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Not to be confused with Speech delay

Language delay is one of the language disorders in which the child fails to develop language abilities on the usual age-appropriate for their developmental timetable. It is most common during the ages of 2 to 7 years and can sometimes continue into late childhood. Language delay is distinct from speech delay, in which the development of the mechanical and motor aspects of speech production is delayed.

Communication is a two-stage process. The first stage is to encode the message into a set of words (or signs in the case of Sign Languages) and sentence structures that convey the required meaning, i.e. into language. In the second stage, language is translated into motor commands that control the articulators (hands, face, body, lungs, vocal cords, mouth, tongue, teeth, etc.), thereby creating language.

Because language and speech are independent, they may be individually delayed. For example, a child may be delayed in speech (i.e., unable to produce intelligible speech sounds), but not delayed in language because they use a Sign Language or other means of communication.

Language delay is commonly divided into receptive and expressive categories. Receptive language refers to the process of understanding language. Expressive language refers to the use of sentences (made of words or signs) to communicate messages to others. Both categories are essential to effective communication.



It is most commonly identified around 18 month of age with an enhanced well baby visit.[1]

Early signs and symptoms (red flags)Edit

Language delay could be suspected by a lack of communication gestures or sounds in the early stages as early as three months old. As some examples, not smiling at three months old, not turning the head towards sounds at four months old, not pointing at 15 months old can raise suspicion. However, red flags might include four months age for not smiling, 18 months for not pointing or not speaking at least 10 words.[2][3][4][5]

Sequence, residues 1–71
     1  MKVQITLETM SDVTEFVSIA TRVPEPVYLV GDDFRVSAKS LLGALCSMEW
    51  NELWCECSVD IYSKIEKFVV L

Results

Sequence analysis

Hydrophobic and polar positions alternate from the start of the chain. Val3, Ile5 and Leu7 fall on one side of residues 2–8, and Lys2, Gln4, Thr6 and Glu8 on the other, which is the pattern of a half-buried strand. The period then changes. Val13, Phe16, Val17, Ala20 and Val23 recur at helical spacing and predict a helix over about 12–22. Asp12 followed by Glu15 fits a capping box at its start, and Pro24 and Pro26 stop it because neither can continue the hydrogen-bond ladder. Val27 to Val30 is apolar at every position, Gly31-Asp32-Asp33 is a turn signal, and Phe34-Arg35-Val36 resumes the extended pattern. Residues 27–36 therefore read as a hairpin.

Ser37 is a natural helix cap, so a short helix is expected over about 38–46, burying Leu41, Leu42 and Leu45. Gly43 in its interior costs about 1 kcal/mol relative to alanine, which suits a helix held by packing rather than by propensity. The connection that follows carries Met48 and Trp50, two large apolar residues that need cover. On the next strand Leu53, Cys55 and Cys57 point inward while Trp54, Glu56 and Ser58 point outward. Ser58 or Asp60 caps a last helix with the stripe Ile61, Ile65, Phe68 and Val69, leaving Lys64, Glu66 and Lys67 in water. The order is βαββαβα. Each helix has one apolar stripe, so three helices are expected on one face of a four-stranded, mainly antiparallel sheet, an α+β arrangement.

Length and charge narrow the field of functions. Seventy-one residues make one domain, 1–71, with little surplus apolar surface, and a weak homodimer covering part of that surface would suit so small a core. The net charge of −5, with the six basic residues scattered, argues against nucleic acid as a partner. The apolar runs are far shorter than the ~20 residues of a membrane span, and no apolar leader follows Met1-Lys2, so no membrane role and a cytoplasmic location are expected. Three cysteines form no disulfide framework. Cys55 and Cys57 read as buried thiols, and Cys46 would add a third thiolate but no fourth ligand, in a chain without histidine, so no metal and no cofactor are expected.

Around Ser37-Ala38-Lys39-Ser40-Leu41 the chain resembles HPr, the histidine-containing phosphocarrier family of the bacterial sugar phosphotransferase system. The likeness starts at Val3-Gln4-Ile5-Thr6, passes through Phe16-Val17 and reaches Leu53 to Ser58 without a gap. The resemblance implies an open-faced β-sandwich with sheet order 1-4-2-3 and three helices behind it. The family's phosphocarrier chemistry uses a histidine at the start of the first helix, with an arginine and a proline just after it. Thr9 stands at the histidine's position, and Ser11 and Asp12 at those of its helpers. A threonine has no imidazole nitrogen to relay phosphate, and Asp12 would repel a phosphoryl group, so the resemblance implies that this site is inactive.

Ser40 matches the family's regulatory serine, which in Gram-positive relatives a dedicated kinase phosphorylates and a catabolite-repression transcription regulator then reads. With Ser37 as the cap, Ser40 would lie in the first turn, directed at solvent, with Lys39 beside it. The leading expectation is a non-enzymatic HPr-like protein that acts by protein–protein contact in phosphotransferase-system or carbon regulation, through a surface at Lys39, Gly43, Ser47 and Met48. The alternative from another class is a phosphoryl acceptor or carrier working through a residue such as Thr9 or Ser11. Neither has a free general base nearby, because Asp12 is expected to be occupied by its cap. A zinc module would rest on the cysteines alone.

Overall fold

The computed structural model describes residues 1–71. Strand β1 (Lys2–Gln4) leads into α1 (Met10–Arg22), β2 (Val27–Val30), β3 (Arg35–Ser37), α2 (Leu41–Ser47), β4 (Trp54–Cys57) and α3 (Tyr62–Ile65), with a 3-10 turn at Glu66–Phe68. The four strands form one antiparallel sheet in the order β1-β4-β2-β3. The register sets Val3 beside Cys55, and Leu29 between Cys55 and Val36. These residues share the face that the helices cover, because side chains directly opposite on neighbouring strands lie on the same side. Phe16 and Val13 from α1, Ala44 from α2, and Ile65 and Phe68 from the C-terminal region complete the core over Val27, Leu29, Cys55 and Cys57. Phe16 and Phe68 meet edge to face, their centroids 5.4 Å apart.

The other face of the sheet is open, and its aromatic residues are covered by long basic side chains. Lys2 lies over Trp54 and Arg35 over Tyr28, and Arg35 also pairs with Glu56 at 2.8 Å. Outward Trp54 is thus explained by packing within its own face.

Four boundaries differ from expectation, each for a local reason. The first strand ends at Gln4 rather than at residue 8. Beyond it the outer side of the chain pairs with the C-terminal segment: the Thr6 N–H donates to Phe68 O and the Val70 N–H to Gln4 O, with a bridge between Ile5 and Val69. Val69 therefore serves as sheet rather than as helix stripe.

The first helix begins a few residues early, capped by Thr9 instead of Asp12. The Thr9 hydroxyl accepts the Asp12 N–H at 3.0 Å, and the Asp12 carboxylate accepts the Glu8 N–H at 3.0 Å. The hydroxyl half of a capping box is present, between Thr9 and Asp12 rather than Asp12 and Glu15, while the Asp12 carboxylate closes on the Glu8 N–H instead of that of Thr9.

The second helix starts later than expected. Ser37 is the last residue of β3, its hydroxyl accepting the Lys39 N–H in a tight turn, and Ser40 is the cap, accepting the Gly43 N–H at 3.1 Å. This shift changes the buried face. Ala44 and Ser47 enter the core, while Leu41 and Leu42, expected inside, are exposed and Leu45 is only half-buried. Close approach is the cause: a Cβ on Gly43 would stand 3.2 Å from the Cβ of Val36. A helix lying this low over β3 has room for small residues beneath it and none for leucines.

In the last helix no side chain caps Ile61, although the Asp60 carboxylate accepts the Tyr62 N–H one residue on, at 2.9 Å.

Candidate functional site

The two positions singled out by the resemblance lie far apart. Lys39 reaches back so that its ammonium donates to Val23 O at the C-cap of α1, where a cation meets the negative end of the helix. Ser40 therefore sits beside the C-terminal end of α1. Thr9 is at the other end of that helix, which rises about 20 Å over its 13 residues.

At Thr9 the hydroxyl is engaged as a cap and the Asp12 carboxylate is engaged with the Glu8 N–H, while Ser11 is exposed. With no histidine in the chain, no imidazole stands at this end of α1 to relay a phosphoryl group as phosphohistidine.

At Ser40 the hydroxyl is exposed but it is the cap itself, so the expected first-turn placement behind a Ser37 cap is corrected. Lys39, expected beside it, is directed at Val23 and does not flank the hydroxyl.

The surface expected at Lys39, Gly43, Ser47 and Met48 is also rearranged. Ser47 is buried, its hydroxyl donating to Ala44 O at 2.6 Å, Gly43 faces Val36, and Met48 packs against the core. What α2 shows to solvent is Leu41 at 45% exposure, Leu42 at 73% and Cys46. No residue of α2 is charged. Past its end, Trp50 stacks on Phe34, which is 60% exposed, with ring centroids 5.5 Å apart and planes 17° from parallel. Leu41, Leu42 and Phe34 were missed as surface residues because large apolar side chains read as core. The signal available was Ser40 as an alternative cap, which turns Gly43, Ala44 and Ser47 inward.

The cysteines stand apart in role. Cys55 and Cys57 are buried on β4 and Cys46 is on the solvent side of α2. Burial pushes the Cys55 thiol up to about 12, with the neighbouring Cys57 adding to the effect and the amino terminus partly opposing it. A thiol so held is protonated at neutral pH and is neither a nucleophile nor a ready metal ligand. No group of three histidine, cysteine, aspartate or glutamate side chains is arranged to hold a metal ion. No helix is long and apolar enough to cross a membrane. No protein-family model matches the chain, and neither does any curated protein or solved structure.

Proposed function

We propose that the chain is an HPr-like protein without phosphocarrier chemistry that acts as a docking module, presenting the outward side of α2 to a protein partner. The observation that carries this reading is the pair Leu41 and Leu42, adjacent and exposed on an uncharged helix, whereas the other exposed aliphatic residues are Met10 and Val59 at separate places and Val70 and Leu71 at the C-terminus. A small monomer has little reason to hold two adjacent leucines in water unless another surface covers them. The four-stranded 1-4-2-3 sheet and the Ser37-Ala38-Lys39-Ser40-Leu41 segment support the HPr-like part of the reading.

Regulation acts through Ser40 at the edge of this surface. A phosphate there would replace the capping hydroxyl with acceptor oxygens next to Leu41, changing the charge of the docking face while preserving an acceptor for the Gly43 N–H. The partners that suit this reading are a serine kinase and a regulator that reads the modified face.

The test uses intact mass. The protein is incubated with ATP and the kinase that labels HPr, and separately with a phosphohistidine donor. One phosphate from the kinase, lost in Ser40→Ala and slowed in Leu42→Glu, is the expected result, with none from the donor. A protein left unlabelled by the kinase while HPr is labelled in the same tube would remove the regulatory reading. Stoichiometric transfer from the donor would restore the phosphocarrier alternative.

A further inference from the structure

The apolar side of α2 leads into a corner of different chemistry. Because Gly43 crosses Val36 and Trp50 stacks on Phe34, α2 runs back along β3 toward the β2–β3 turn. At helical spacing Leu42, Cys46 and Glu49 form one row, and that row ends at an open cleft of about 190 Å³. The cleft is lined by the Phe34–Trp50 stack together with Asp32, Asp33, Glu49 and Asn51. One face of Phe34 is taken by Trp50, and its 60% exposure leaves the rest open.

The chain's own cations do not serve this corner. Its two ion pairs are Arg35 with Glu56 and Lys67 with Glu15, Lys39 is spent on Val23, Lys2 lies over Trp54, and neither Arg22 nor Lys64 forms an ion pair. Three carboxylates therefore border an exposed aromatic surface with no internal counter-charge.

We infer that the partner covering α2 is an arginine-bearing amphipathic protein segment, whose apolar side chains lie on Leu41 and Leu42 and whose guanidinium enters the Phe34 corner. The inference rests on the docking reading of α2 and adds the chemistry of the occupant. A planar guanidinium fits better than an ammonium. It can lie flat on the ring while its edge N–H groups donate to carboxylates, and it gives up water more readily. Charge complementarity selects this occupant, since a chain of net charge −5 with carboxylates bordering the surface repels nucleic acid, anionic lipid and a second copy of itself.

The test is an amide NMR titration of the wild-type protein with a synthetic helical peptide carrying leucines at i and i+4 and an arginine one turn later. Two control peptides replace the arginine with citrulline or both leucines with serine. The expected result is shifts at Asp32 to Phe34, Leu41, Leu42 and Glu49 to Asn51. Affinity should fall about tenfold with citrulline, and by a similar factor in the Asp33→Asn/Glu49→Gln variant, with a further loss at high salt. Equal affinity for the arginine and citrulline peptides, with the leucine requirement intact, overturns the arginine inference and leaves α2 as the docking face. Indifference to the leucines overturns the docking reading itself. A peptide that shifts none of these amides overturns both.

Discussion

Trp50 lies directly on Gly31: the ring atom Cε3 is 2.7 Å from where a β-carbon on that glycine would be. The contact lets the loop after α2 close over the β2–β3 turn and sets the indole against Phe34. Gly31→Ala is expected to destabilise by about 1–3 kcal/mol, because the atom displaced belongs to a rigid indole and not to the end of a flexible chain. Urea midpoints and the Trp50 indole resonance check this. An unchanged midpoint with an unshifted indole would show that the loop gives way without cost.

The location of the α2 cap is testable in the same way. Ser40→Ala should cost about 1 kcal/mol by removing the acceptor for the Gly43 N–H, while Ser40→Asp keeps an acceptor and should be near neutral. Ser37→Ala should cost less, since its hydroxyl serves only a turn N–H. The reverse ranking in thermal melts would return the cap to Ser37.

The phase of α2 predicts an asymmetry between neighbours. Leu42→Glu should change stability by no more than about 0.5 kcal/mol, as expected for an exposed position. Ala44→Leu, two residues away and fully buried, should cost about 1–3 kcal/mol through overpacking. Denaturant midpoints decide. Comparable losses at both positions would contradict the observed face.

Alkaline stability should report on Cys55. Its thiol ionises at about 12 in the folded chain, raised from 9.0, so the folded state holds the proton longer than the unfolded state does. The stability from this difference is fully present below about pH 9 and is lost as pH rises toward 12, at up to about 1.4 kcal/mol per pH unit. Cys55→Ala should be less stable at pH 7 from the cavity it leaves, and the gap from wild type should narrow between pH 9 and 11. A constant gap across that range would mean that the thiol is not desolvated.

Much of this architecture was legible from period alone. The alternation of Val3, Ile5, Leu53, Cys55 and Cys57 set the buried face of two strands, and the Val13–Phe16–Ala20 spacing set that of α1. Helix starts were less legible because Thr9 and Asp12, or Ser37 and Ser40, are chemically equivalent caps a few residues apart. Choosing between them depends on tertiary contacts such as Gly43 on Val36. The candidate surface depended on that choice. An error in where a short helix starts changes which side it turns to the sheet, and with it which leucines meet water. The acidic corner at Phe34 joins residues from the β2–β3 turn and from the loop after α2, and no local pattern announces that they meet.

Language delay is a risk factor for other types of developmental delay, including social, emotional, and cognitive delay. Even though speech and language delays may affect a smaller portion of the population in children, it still can have an incredible impact on their life and their accomplishments in the future. Some of these include problems with behavior, difficulty with reading, and other issues related to spelling and low IQ scores.[6] Some children may grow out of these deficits, even coming to excel where they once lagged, while others do not. One particularly common result of language delay is delayed or inadequate acquisition of reading skills. Reading depends upon an ability to code and decode script (i.e., match speech sounds with symbols, and vice versa). If a child is still struggling to master language and speech, it is very difficult to learn another level of complexity (writing). Thus, it is crucial that children have facility with language to be successful readers.